Monday, March 7, 2016

Is This All They'll Remember?

A smell can do it.  Certain scents of pine and cookie and even an odd blend of the two.

Driving by a house at night with a light on inside it... if the curtains are the right color, they do it.

The smell of dinner cooking when the music for the evening news comes on.  That does it, too. 

There are a few things here and there that immediately take me back to my childhood in a second flat.  I never know what the combination will be, but I can assure you that 99% of the time, the sensation makes my heart full, almost aching to go back to that second in time and be five or ten years old again. 

I'm sure you'll agree with me that sometimes, in the day to day of mommying, there are seemingly months at a time where all we do is raise our voices or shout, "NO," or referee fights or dole out consequences for the heinous crimes of childhood.  For me, a tough day sometimes turns into another tough day as my kids tag team on who's going to take the lead in the ever breathing game of Let's See What Else We Can Do To Change It Up a Little and it often feels like I have fallen into bed fifteen nights in a row frustrated.  One particular day recently, I was having a heated and often repeated discussion with my twelve year old, and I distinctly remember thinking as I was in the heat of my monologue, "Is this all she is going to remember about her childhood?"

Such. A. Defeating. Thought. 

As I stand in the kitchen in my two-days-not-washed yoga pants, my biggest fear is that all they'll remember is my hair was always a mess and I was perpetually irritated about the wet washcloths left in the bathtub.  I fear that they'll look back on their childhood and think I was constantly irritated with them as people.  I worry they will forever attach their mom with the memory of a raving lunatic holding a spatula and mumbling under her breath a language they can't decipher but know isn't a good thing. Or that they'll think I was too busy folding clothes or cleaning a toilet to sit down.  I fear that they'll breathe a sigh of relief when they leave this house one day because they grew very tired of hearing me lecture about kindness and chores and following through with what we start.  I fear so much that they'll look back at entire chunks of their childhood and think it was the worst childhood of all.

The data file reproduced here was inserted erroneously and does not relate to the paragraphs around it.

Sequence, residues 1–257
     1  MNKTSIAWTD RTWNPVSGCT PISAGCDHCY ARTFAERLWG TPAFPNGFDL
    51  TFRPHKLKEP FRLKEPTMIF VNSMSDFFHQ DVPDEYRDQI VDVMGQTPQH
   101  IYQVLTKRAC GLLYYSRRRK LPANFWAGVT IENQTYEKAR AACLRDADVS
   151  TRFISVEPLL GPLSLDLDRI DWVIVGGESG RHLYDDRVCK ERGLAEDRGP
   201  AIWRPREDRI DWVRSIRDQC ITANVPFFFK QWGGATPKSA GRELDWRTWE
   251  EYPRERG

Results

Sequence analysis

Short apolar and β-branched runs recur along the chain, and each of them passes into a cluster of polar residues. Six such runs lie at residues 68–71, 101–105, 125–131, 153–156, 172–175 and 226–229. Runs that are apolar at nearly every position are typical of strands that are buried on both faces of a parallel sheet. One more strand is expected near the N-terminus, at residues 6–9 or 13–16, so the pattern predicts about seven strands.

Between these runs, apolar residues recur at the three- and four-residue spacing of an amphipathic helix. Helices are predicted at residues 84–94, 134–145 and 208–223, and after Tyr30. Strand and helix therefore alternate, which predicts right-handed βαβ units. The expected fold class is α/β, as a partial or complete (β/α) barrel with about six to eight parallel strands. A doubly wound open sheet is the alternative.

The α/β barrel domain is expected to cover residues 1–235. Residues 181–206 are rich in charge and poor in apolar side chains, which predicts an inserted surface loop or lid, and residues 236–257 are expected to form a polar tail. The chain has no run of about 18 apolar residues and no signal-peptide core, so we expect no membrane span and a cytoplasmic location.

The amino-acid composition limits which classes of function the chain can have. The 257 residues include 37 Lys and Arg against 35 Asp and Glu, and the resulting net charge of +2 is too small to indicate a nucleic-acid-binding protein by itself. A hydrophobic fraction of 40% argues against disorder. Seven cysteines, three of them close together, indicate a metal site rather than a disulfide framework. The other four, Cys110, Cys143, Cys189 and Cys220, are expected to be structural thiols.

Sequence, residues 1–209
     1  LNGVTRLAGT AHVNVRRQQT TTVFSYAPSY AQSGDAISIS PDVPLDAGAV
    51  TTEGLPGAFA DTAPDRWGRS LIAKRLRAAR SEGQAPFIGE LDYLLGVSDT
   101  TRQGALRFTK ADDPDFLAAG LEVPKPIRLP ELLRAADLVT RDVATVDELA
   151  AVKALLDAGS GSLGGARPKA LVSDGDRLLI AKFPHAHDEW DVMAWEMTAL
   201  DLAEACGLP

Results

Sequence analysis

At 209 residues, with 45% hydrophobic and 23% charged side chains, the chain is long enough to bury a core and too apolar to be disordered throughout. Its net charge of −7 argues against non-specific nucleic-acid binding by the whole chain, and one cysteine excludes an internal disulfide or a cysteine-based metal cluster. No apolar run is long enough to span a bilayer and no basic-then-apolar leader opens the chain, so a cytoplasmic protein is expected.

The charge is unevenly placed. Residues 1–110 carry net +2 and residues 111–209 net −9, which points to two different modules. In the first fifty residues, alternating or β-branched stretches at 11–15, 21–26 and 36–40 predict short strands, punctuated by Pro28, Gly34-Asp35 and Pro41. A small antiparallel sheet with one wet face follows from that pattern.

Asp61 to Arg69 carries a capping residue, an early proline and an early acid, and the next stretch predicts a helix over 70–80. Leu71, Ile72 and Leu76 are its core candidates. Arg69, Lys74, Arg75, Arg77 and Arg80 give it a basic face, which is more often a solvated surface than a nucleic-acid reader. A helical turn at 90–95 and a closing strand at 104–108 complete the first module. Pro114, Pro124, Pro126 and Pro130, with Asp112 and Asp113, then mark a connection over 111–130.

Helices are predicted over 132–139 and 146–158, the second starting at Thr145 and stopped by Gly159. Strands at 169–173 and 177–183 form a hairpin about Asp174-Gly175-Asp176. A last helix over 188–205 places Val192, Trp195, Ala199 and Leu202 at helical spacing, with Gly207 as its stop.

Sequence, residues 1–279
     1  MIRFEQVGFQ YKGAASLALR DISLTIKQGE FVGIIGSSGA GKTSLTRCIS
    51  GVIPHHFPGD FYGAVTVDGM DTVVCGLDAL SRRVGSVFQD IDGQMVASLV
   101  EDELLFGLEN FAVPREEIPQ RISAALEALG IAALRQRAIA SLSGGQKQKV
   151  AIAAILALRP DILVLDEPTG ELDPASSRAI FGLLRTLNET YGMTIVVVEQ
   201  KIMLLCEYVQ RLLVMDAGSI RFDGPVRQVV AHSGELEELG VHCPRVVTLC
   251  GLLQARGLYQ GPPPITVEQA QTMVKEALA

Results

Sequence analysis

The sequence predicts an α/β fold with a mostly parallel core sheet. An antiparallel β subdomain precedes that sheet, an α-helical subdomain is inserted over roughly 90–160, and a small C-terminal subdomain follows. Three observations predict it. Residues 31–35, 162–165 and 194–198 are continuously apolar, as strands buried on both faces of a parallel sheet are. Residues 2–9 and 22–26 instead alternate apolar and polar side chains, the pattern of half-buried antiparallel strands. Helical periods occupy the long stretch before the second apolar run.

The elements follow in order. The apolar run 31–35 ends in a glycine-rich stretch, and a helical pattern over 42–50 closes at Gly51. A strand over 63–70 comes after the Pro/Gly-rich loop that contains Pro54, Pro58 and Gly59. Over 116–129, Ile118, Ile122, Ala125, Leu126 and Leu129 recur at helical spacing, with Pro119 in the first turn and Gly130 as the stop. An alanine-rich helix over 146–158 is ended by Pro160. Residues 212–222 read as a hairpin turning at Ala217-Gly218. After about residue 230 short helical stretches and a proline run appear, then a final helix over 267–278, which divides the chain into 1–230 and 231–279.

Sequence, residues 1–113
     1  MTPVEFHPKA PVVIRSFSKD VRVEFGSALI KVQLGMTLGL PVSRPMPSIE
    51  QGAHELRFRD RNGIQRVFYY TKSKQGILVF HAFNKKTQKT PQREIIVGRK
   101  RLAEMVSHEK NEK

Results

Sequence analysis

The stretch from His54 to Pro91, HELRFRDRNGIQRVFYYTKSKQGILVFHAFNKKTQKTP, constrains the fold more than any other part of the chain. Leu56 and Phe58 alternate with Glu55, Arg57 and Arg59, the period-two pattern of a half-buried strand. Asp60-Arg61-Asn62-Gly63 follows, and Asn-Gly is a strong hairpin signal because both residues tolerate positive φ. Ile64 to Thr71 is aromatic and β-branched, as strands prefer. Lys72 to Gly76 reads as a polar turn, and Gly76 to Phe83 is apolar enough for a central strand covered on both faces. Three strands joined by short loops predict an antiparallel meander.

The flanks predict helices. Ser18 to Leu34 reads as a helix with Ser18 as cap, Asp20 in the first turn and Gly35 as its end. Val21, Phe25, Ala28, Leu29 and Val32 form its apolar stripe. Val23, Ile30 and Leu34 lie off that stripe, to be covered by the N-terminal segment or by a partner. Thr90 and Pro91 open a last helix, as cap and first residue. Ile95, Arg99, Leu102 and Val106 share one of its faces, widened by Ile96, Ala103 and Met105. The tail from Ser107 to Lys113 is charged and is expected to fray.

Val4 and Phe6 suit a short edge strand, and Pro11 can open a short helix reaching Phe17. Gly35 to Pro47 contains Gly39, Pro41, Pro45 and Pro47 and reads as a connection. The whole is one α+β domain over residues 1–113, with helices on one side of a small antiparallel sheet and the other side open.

Because of me. 

Will they only remember this?  The stress of me working two jobs and writing a book while trying to give the best of me to them?  Will they remember all the times I raised my voice unnecessarily because I was just so tired, I couldn't manufacture one more piece of kindness to give them?  Will they sit on someone's therapy couch one day and recall time after time that I was too impatient when I needed them to get their shoes on quicker, or eat their dinner faster, or clean that mess up or stop the dadgum whining?  Will they look back on their childhood and see me in shades of tan and gray instead of the iridescent colors I'll see when I look back at their perfect faces?

I can't stomach that thought.

Then I come back to what I know. 

I know that my mom raised two very strong girls.  We weren't the neatest, nor the quietest, and were definitely not the most considerate kids on the block.  We made messes, created chaos, had temper fits, and talked back.  We were as opposite as daylight and dark and both of us required something demanding and consuming from our mom.  Knowing what I know now about being a mother, I see that she had her emotional, spiritual, and physical hands full.  She had very little money to work with, having the budget of a pastor's wife.  She had a high school education and was dedicated to being home with her girls while we were little.  She was the class mom, the room mom, and the sports mom.  We were her job, her hobby, and her very reason to pull every single one of her auburn hairs out of her head on a daily basis.  Yet as I look back on my childhood, I remember the most amazing things.